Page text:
Summer Ainsworth ’20 has this week’s edition of ’Cuse Cast, with details on Indigenous Peoples’ Day and Coming Out Month on campus.
Marcelle Haddix to Examine Healing Power of Writing Feb. 17
The healing power of writing is the subject of an upcoming “Brown Bag” event, co-sponsored by the Humanities Center and the Contemplative Collaborative.
Marcelle Haddix, Dean’s Associate Professor and chair of the Reading & Language Arts (RLA) Department in the School of Education (SOE), will discuss “Writing Our Lives as a Space of Healing in Troubling Times” on Friday, Feb. 17, from 12:30-1:30 p.m. in 123 Sims Hall.
The event is free and open to the public. For more information, contact the Humanities Center at 315.443.7192.
Additional support comes from the SOE; RLA; Falk College; Hendricks Chapel; and the Department of Writing Studies, Rhetoric and Composition in the College of Arts and Sciences.
Vivian May, director of the Humanities Center and professor of women’s and gender studies in A&S, says the event will focus on Haddix’s leadership of Writing Our Lives, an SOE project encouraging the writing practices of urban youth within and beyond school contexts.
“Marcelle will explore how local youth in grades 6-12 are partnering with teachers, parents and professional writers to cultivate spaces for authentic writing practices,” she says. “Her project is using the literary arts—writing, poetry, storytelling, journaling, songwriting—to help students get their voices back, one word at a time.”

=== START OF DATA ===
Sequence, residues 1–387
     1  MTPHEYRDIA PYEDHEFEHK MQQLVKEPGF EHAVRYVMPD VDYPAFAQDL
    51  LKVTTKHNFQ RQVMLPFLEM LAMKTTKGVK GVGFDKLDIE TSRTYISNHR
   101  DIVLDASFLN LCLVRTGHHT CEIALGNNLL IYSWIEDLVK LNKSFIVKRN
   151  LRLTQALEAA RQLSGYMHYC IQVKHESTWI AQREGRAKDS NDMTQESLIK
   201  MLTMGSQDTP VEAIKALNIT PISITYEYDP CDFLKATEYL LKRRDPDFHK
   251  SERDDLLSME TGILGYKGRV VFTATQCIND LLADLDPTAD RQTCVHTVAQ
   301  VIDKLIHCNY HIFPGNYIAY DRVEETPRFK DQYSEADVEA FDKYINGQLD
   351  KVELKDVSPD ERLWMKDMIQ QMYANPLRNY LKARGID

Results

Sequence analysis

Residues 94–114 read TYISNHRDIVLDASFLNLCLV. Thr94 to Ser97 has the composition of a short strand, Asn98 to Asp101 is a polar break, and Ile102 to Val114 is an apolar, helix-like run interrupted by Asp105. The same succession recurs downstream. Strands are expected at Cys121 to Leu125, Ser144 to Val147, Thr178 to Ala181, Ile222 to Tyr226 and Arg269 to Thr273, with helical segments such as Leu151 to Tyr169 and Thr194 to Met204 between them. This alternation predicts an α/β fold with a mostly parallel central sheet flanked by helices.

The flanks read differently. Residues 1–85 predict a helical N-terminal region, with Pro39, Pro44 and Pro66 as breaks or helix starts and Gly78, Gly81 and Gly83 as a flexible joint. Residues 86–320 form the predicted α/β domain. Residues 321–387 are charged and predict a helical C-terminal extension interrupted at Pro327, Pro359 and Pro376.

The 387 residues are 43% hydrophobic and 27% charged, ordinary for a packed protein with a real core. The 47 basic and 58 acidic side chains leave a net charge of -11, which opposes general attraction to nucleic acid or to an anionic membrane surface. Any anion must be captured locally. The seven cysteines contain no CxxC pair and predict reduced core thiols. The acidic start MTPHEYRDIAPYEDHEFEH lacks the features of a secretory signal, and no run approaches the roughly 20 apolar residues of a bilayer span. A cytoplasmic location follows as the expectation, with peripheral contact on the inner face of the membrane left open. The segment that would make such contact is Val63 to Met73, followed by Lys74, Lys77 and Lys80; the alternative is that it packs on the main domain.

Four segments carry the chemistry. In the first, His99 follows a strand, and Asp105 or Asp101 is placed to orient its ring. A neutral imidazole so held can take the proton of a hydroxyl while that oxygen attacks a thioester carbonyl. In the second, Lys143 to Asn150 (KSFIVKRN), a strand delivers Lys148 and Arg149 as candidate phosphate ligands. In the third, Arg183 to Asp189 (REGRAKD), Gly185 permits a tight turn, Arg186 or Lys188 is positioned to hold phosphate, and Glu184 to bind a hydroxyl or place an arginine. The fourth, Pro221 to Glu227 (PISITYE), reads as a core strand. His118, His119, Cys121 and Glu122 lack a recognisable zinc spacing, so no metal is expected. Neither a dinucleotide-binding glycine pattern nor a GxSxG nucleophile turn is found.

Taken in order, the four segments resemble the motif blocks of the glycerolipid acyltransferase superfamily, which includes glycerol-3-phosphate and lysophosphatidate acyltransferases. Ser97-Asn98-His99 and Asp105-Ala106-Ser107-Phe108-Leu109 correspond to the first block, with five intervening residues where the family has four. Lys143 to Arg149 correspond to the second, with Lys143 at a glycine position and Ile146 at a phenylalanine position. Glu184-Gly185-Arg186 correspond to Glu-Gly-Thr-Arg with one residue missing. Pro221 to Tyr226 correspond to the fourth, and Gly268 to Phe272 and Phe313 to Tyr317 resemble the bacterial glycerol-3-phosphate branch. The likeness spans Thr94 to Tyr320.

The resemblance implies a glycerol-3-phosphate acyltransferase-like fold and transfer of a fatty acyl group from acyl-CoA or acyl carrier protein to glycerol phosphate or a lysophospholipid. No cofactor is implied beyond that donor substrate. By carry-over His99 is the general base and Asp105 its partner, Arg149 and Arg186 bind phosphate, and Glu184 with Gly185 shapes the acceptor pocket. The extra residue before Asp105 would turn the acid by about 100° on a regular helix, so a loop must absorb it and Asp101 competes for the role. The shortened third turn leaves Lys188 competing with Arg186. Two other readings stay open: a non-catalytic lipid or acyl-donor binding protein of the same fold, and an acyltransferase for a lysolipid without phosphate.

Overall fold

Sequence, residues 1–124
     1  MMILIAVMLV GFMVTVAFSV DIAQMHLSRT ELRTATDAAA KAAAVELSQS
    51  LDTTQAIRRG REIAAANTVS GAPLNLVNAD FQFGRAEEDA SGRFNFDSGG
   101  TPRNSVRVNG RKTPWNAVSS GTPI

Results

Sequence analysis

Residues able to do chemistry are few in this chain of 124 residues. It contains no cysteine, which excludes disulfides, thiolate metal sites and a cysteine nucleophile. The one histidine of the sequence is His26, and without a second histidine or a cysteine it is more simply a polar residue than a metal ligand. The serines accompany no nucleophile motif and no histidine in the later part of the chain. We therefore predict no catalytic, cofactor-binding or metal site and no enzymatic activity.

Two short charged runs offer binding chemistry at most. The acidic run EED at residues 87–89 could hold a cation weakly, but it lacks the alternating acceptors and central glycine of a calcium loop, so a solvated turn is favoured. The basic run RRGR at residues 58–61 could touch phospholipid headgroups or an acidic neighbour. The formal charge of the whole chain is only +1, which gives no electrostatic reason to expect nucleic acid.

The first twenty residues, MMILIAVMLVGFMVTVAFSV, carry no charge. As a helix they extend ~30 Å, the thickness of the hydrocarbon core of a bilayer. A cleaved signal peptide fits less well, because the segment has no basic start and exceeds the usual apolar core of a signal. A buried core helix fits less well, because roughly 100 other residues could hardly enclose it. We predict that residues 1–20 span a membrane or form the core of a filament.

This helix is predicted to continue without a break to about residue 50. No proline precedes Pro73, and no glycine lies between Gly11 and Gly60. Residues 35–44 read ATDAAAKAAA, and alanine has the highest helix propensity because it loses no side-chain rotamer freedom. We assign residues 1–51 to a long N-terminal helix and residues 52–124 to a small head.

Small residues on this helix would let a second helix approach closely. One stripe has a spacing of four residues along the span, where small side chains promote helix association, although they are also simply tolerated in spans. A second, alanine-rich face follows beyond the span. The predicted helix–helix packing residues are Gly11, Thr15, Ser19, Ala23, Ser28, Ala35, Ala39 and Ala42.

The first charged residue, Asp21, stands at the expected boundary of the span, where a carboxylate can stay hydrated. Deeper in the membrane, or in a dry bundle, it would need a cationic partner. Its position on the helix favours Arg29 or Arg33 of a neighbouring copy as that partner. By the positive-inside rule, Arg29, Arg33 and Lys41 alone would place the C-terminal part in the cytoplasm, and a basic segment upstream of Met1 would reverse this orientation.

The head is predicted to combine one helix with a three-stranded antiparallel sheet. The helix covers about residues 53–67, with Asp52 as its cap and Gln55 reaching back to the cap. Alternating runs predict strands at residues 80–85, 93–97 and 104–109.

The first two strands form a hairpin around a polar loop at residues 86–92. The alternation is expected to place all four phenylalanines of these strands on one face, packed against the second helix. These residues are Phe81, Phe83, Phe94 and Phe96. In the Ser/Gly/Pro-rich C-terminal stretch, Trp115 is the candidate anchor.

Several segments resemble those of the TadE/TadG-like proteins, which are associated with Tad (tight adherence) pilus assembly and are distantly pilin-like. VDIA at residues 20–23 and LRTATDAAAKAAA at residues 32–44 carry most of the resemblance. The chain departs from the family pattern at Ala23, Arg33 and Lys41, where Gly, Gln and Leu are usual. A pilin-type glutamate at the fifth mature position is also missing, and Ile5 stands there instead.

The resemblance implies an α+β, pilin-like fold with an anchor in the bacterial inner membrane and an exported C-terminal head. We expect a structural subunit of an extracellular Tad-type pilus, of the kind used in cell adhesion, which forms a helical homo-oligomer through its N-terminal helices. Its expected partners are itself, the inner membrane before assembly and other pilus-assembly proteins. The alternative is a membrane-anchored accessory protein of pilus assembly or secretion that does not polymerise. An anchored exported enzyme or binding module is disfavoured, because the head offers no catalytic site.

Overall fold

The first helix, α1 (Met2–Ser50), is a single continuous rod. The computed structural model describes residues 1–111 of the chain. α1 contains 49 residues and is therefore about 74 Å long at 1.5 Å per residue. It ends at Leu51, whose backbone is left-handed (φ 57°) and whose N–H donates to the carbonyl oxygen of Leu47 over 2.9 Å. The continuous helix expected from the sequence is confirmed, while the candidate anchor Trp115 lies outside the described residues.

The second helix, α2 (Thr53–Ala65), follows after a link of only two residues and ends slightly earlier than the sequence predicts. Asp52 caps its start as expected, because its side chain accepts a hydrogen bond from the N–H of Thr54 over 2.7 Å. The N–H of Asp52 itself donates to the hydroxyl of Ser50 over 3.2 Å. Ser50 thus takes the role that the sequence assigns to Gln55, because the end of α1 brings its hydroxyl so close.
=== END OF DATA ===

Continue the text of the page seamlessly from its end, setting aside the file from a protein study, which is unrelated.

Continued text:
Since its inception in 2009, Writing Our Lives has benefitted hundreds of local students and mentors, representing a diverse mix of race, class, gender, sexuality and religion. This is done through a variety of hands-on classes and workshops, as well as an annual conference.
“Young people deal with a tremendous amount of violence and trauma in their everyday lives,” says Haddix, who chairs the Reading & Language Arts Center in the SOE and is affiliated with The Renée Crown University Honors Program, the Women’s and Gender Studies Department and the Democratizing Knowledge Project. “Schools and communities must be prepared to help students process these lived realities. Writing is one way that students can give voice to their experiences and cultivate healing spaces.”
Haddix’s presentation is the first in a two-part series related to local students. On Friday, April 14, Joshua Felver, assistant professor of psychology in A&S, will present “School-Based Mindfulness Interventions for At-Risk Youth” at 12:30 p.m. in 123 Sims Hall.
Patrick W. Berry, assistant professor of writing and rhetoric, says the purpose of the series—and the Contemplative Collaborative, in general—is to foster compassion and connection. “Emerging research suggests that school-based mindfulness practices improve academic and social-emotional outcomes, offering exciting directions for addressing the needs of at-risk youth,” he explains.
The Contemplative Collaborative, based in Hendricks Chapel, supports students, faculty and staff interested in mindfulness and contemplative practices that embody engaged learning, a mindful academy and compassionate society. The initiative also facilitates related teaching strategies, scholarly research and discourse surrounding such work.
Located in the Tolley Humanities Building, the Humanities Center cultivates diverse forms of humanities scholarship, sponsors a range of dynamic programming and partnerships, highlights the humanities as a public good, and underscores the relevance of the humanities for addressing enduring questions and pressing social issues.